Baucuscare: The Good, The Bad, and The Ugly


Sen. Max Baucus’ health care reform proposal doesn’t have any friends on the right or left, and most of the support it does have comes from industry, and industry-backed House Blue Dogs. But though the skepticism of the Baucus plan is borne out of a number of flawed policy proposals, there are some genuinely good aspects to it, too. Herewith, the good, the bad, and the ugly sides of Baucuscare:


Fiscal responsibility: Yes, calls for “fiscal responsibility” seem to rear their ugly heads only when conservatives and conservative Democrats oppose the policy changes at stake. But liberal experts also agree: it’s crucial that the costs of health care reform be covered, and that the reforms themselves address the problem of health care inflation. Baucus’ bill succeeds on both scores. The Center for Budget and Policy Priorities concludes “The proposed offsets in the Baucus plan are sound policies that would use resources in the health care system more efficiently…. [W]eakening or eliminating these offsets would not only result in a less efficient health care system but also make it more difficult to provide low- and moderate-income Americans with sufficient subsidies to afford health coverage.” And the CBO finds that, via it’s main financing mechanism and other measures, Baucus care would be a deficit reducer over both 10 and 20 year windows.The exchanges: Both right away, and then increasingly over time, the Baucus bill would actually allow more people to participate in health insurance exchanges than would House legislation–a feature that would lower premium prices and save the government money. The Baucus bill allows businesses with up to 50 employees to buy into the exchanges from the start–compared to 20 in the House–and that’s just a floor. States can rope larger businesses in if they choose. And then eventually, employees at firms of all sizes will be allowed to enter the market place. According to Ezra Klein, this is “a huge deal…the first place where I’ve seen the Baucus bill go substantially further than the other bills.”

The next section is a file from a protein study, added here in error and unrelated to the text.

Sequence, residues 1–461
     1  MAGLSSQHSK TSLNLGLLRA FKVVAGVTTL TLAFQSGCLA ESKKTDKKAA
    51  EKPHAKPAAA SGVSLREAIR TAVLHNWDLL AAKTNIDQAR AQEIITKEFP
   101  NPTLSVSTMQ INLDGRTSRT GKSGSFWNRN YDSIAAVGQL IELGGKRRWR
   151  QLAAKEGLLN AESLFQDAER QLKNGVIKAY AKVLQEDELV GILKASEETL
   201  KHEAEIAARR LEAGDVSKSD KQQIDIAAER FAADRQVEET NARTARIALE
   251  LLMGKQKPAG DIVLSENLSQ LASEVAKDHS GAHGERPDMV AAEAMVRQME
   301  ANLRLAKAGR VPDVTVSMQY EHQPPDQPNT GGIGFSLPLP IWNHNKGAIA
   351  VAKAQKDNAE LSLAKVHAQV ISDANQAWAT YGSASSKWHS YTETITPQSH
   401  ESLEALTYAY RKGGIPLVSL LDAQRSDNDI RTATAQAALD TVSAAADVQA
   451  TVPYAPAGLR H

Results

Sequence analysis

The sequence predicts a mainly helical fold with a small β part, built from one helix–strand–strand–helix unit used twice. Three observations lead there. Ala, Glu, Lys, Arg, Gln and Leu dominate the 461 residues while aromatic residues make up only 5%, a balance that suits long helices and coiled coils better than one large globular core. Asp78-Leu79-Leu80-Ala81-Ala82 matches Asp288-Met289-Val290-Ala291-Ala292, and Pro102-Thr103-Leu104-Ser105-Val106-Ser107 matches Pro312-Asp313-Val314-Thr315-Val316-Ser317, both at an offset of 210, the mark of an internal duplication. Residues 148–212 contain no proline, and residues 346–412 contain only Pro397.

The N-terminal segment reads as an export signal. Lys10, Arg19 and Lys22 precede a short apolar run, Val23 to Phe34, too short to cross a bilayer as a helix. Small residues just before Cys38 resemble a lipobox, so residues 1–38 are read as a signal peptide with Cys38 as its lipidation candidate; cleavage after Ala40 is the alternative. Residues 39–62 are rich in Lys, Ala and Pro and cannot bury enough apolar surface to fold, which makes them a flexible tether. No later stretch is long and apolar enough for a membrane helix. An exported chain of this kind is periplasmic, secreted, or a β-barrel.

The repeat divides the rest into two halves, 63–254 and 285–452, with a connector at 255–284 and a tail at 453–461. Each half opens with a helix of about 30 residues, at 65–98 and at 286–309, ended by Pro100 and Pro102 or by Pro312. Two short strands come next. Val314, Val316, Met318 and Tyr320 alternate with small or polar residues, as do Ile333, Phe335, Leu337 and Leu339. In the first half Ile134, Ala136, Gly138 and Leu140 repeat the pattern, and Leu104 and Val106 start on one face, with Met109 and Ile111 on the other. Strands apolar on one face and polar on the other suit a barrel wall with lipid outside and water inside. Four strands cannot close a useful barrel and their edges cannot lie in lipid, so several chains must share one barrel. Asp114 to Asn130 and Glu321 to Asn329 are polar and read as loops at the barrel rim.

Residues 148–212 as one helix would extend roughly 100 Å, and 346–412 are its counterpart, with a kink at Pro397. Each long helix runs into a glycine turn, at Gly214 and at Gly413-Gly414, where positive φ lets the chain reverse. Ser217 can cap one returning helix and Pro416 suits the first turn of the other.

Medicaid expansion: The bill expands Medicaid to cover people up to 133 percent of the poverty line. This is an extremely progressive redistribution of money from wealthy and middle-class people to some of the poorest people in the country. And though other proposals on Capitol Hill do the same thing, Baucus didn’t choose to scrimp and save by scaling back that expansion.


Subsidies: Baucuscare comes at a lower price tag than do proposals out of the House and the Senate HELP committee. But though that may address the political reality of sticker shock, it essentially means that a sliver of the population–a few million middle class people without insurance–will suddenly be forced to buy expensive insurance that covers relatively little in the way of medical expenses. And though Baucuscare places a cap on out of pocket spending, that cap is high enough that middle class families could still be liable for tens of thousands of dollars in the event of serious illness or accident. In other words, this bill will not end medical bankruptcies, and it could prove politically damaging in the long term. According to James Kwak, “One reason the Baucus bill is “cheaper” than the House bill is that it has lower subsidies”: